“You’re going from being a moron, to being a genius, to being a moron back again.”

Surviving in the hostile enviroment of the movie industry isn’t something people should take for granted. With all its ups and downs, it is a rare thing that someone climbs to the top and remains an integral part of the system for over 20 years. Especially if you are a so called aficionado of the strange and macabre genre of horror and fantasy like filmmaker Guillermo del Torro.

An industry where taking risks isn’t always rewarded, but that’s the conundrum of a craft where art and business come together.

After finishing his first movie “Chronos”, he met fellow film director James Cameron (Terminator, Avatar) for the first time, lining up for a barbecue. Cameron asked him “So I heard you shot your first movie”. Del Toro answered “Yes”. “And..”, continued Cameron. “I heard you mortgaged your house?” “Yes” Del torro answered beck. “So you know the movie is going to be a success?” added James Cameron.

Even before his first movie, when he was working at his self established special effects company called Necropia. Daytimes he would sell real estate, and after dark designing and building props for low budget Mexican horror flicks. That’s where he learned the value of hard work. But, only when it serves his own artistic desires.

At the end of the night, he is a genre filmmaker, and embraces that with every undead or paranormal fibre in his body.

“I like to connect with audiences who like what I do, even if the audience at large does or doesn’t like it. I make weird movies, no matter what size the movie is. Genre is the bastard child of prestige.”

Playing with monsters can be messy at times, and violence, blood and sometimes even gore is part of the gameplay. R-rated properties aren’t necessarily a thing big studios or big audiences seem to have an antenna for. Toning it down is a request Guillermo is all to familiar with.

“Each movie has its audience. I don’t even want a wider audience that doesn’t appreciate what I’m doing. I want ‘THE’ audience for my movie.”

Doing his own thing is Del Toro’s main drive, and maybe the main reason for his success. Doesn’t matter how someone determines success. Other filmmakers can put themselves and their skills at the disposal of a film studio. Even if that means they have to give up control, and sacrifice the very essence why they became filmmakers in the first place.

Especially today, with CGI becoming more and more prevalent, and practical effects are seen as to tedious and time consuming.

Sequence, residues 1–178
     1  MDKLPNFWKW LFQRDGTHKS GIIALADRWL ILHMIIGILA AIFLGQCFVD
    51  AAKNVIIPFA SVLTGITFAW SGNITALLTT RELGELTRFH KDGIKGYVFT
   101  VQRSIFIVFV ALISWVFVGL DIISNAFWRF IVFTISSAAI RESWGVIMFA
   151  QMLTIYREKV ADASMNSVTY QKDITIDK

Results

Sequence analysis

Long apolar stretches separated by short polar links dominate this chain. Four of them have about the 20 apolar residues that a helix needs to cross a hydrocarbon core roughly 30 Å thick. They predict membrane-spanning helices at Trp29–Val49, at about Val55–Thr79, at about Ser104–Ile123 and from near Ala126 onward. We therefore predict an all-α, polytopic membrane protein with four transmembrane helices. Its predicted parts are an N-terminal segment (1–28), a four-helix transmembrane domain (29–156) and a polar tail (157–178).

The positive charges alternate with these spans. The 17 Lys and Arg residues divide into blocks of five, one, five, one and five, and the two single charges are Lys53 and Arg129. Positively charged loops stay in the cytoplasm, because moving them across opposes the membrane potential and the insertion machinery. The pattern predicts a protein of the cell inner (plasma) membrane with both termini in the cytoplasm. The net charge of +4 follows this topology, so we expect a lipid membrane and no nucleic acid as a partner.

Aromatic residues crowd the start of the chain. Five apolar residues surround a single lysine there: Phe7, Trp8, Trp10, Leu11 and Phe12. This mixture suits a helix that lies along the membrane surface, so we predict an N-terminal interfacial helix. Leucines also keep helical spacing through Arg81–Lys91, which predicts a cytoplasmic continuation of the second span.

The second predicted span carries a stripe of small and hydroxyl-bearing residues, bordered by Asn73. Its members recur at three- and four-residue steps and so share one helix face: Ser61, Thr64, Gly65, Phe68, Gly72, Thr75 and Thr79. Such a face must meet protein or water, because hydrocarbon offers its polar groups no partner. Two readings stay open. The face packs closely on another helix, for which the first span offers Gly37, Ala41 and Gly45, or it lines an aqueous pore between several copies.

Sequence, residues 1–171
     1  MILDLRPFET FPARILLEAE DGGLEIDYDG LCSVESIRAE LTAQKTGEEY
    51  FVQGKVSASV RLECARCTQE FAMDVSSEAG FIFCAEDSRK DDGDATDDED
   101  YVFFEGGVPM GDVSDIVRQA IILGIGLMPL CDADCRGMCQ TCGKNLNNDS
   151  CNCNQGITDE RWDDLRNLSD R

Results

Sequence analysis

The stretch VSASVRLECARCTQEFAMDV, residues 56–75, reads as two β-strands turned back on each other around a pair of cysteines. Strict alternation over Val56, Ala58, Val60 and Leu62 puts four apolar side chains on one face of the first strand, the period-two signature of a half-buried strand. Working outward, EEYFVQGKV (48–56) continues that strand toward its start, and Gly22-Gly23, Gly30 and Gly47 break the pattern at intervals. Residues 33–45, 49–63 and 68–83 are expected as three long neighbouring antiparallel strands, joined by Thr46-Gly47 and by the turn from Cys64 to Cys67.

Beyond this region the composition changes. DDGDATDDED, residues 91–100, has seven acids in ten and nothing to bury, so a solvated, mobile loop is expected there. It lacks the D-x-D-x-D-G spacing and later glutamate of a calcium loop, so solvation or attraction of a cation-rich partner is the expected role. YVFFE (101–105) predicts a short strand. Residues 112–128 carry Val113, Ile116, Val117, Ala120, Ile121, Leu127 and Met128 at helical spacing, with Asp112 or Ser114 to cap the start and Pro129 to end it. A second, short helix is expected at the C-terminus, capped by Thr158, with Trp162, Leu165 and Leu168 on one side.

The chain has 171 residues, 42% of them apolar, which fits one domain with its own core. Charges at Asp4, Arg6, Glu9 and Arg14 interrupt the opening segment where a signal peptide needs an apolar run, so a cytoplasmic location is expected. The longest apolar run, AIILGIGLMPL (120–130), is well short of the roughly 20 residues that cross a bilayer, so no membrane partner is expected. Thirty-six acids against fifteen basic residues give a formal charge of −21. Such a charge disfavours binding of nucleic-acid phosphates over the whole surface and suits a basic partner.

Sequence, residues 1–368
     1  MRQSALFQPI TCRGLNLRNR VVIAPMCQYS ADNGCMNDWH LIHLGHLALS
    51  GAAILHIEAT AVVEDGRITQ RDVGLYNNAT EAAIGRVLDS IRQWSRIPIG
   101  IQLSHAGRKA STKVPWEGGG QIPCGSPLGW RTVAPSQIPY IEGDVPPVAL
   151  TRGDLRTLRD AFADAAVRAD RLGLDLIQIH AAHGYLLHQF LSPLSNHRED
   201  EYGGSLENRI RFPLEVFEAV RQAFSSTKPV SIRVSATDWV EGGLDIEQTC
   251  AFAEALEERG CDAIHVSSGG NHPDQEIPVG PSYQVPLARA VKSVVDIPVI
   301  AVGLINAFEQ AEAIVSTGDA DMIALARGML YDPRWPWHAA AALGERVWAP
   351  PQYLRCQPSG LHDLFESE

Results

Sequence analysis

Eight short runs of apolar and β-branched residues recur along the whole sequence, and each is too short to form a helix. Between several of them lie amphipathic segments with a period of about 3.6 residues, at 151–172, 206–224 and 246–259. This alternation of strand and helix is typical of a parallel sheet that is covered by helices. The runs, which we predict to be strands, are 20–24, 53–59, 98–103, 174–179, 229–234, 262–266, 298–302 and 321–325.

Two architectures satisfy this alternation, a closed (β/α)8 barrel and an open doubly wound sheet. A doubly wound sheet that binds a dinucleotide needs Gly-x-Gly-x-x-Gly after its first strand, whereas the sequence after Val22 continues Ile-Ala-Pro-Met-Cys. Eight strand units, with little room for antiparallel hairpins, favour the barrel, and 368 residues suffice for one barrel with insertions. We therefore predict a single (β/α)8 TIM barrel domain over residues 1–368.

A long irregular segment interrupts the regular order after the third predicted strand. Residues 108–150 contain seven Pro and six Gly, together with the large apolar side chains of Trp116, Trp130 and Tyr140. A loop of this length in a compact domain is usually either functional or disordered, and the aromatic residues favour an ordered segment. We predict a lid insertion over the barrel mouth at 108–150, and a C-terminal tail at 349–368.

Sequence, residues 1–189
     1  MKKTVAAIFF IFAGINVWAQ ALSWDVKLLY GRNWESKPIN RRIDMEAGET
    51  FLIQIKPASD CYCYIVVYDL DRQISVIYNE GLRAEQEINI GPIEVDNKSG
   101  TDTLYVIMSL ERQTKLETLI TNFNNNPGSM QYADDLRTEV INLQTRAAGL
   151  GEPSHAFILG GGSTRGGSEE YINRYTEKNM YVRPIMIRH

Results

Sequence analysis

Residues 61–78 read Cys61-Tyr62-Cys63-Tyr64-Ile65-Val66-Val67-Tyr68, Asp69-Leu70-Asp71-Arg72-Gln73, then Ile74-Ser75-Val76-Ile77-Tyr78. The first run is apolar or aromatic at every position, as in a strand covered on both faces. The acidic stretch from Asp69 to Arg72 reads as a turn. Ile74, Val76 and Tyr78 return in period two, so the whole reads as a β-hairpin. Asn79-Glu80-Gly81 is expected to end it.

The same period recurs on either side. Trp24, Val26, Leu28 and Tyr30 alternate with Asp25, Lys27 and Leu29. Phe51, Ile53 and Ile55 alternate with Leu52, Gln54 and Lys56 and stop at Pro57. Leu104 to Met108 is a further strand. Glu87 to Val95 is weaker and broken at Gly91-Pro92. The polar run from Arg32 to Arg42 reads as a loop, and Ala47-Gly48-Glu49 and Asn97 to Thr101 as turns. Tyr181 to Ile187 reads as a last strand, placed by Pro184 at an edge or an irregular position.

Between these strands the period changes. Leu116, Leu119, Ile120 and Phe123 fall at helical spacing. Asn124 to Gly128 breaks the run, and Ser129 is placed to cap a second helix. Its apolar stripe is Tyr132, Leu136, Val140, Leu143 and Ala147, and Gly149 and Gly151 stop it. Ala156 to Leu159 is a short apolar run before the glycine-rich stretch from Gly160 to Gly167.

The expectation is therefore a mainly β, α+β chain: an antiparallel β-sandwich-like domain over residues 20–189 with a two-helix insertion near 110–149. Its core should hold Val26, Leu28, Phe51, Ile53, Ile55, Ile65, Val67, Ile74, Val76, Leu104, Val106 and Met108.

“I try to guard the art of physical make up and effects, and set constructions. I want to keep making hand made movies. I do so because i want to meet the characters I create and to be in the places I write about.”

Today he has maneuvered himself in such profitable position for himself, that if the project he is pitching for doesn’t get greenlit immediatly, it eventually will. Or he just pulls another idea out of his dark wizard filmmaker hat, and this or another studio will pick it up. A luxury most other directors and writers are only dreaming of.

Except for one of his most beloved baby projects. And maybe the one (almost) franchise with the most loyal fans behind it. Unfortunately not enough loyal fans, at least not from the point of view of Legendary Film Studios. A third Hellboy movie just wouldn’t pay off according to Legendary. Especially with all the financial demands Guillermo has regarding the final part of his saga.

“That’s why I try to do both, small and big movies. If you do a smaller movie, you may suffer from the budget, but you have complete freedom. You can do whatever you want, and that’s what keeps you alive.”

Believing in his own properties, creations and even his adaptations from other artists is the fuel for the magical engine that keeps the man going. The movie business is a wild river with many rocky streams, that turn to soft flowing shallow parts, which again turn to a wild rocky stream after some time.

Ones Picasso is the others scribble on a napkin. Although he made himself a household name in the business, he still has to pitch his ideas to the suits. Especially when he goes into uncharted territory, which is a given if you’re name is Guillermo del Toro. It took ten years for his Emmy award winning show “Troll Hunters” to see the light of day. But having that reputation, he at least gets the chance to present his strange goods to the various studios and executives. Even if they get rejected from time to time.

“You’re going from being a moron, to being a genius, to being a moron back again. You’re going up and down, that’s the nature of story telling.”

A reputation younger filmmakers just starting their career, but also older, more experienced ones would kill for. Some of whom would gratefully accept to be called moron from time to time, if they would just get as many chances to proof themselves.

There is a whole new generation out there, which grew up with movies or TV shows, written, directed or produced by Del Toro. And they all want to make their mark, slay the dragon and show their worth.

And of course these uprising movie makers want the magic bullet to make it in this industry. Especially those at the very beginning, who don’t have much to work with. Who’s salary from last weeks Burger flipping is all the budget they could muster.

“Do what you can do with what you have. If you have a middle class home, make a movie about a vampire in a middle class home. Or a movie about a Werewolf in a middle class home, and speak of your own experience.”

“Try to make movies that speak to someone else in the same fetishized way you were spoken to, by people who got high on their own supply, I know I get high on my own supply.”


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